After a day at market, a man begins to walk home across the snow covered moor. He gets lost and is worried his wife will be concerned for him. He comes across a desolate house and decides to go in for a rest: he’s freezing and hungry. Also he’s a bit hacked off at being lost on such a dreadful night. He gets invited in but the host is very odd. He’s obviously the only visitor they’ve had around those parts for a while. After having a bit of scram he decides he really ought to make a move. The host tells him that if he hurries up he will be able to get on a coach that is due soon. The host then tells him about a horrific crash that happened a few years back involving the coach he is about to catch. The butler helps him most of the way across the moor to the coach stop, then turns back to his grumpy master’s house. By a bridge, the man notices that part of the railling has gone. Then the coach turns up and he gets in…
The story is narrated by a traveller in rural New England who seeks shelter from a storm in an apparently abandoned house, only to find that it is occupied by an old, white-bearded, and ragged man, speaking in “an extreme form of Yankee dialect…thought long extinct”, whose face is “abnormally ruddy and less wrinkled than one might expect.” He shows a disquieting fascination for an engraving in an old book depicting a butcher shop of the “cannibal Anziques” (from the historic Congo kingdom of Anziku), and admits to the narrator (who becomes increasingly nervous and frightened throughout the man’s story) that it made him hunger for “something more” – presumably human meat. It is suggested that the old man in the house was murdering men who stumbled upon the shack to satisfy his “craving”, but this is not revealed, as before he can finish his story the two men notice blood leaking down from the ceiling and, subsequently, a lightning bolt destroys the house.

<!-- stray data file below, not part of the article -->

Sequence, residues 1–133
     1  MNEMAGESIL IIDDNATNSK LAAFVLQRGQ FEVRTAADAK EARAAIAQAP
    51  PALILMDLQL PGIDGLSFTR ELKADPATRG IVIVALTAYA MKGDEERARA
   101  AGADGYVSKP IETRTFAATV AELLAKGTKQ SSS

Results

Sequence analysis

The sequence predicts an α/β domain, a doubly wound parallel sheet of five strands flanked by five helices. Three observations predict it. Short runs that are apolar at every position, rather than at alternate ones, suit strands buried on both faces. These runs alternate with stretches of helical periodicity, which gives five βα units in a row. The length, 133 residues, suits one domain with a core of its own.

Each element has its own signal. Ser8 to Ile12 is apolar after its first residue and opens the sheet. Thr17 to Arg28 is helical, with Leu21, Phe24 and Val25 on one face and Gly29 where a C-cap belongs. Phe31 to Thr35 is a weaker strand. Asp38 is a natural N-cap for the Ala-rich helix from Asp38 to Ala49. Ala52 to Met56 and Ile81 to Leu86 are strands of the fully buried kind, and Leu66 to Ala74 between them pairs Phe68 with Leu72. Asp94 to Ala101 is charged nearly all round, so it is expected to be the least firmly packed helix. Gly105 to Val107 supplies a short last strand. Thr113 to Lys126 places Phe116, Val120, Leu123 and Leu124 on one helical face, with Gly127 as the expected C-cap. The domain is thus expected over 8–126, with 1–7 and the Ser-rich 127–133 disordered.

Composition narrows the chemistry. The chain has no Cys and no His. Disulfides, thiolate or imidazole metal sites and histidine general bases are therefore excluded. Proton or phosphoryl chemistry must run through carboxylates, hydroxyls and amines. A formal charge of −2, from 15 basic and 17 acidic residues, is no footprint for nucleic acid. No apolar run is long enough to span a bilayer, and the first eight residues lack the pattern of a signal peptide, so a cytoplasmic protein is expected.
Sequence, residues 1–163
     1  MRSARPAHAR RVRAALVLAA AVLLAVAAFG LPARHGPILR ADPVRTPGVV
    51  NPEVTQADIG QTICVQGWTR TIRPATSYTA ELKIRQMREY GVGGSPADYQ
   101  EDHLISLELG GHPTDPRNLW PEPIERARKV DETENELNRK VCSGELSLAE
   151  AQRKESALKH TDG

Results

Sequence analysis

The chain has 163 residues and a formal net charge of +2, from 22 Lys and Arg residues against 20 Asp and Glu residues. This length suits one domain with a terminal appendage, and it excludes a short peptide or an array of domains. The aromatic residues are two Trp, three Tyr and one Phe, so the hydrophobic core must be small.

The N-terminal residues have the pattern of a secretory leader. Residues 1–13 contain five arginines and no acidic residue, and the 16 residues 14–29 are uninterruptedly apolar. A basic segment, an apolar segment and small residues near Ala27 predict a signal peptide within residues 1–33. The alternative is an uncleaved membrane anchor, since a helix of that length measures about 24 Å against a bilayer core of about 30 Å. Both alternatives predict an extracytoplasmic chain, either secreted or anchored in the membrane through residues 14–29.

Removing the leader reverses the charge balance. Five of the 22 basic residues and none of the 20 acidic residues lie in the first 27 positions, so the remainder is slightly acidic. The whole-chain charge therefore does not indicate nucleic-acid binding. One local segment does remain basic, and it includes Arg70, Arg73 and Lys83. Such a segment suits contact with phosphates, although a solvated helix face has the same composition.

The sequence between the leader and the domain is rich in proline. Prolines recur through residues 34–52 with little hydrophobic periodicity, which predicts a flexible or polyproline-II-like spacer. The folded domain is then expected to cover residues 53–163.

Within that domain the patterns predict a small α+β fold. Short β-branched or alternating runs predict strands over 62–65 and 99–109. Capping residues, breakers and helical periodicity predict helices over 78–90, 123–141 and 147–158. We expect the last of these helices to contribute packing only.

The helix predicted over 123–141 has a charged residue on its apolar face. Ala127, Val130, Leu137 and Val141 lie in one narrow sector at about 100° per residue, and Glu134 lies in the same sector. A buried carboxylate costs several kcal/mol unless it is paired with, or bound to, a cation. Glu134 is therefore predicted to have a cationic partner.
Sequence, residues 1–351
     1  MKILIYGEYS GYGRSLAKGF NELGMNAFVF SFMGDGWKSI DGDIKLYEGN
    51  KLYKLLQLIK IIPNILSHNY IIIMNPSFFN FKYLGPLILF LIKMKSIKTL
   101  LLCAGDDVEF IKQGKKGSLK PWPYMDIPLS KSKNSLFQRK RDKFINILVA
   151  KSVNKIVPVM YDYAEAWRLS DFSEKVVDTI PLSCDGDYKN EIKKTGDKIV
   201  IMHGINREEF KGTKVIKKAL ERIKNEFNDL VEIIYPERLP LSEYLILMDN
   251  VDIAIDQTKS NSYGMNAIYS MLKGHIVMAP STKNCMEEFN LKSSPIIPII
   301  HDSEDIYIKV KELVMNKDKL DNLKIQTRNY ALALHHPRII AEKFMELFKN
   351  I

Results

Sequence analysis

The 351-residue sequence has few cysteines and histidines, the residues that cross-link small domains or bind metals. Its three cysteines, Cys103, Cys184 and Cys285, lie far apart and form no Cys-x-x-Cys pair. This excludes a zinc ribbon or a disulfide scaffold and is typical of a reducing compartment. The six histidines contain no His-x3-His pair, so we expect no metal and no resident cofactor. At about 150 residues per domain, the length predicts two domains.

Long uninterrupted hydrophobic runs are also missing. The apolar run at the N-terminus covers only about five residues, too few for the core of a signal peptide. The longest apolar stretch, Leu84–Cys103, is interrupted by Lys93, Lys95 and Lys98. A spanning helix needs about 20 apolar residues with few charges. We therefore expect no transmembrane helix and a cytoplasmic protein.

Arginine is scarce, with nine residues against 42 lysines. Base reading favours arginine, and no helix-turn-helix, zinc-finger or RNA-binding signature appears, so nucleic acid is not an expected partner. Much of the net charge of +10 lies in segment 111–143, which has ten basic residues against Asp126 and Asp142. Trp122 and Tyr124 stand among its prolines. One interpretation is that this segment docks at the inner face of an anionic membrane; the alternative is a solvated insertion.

A ghostly apparition proceeds the news of the death of a certain Mrs.Veal!
Having squandered his wealth, Guido returns to claim the hand of the celestial Juliet, but finds himself censured by her father. Petulant at his chastisement, his Byronic temperament gets the better of him, and he is punished with banishment. As he plots his revenge, he witnesses a mighty tempest, and from the raging sea emerges a strange figure. Initially repelled by the dwarfish form before him, the true horror soon strikes him: he and the dwarf are one. As their identities become increasingly merged, Transformation takes its place in the history of Doppelgänger literature.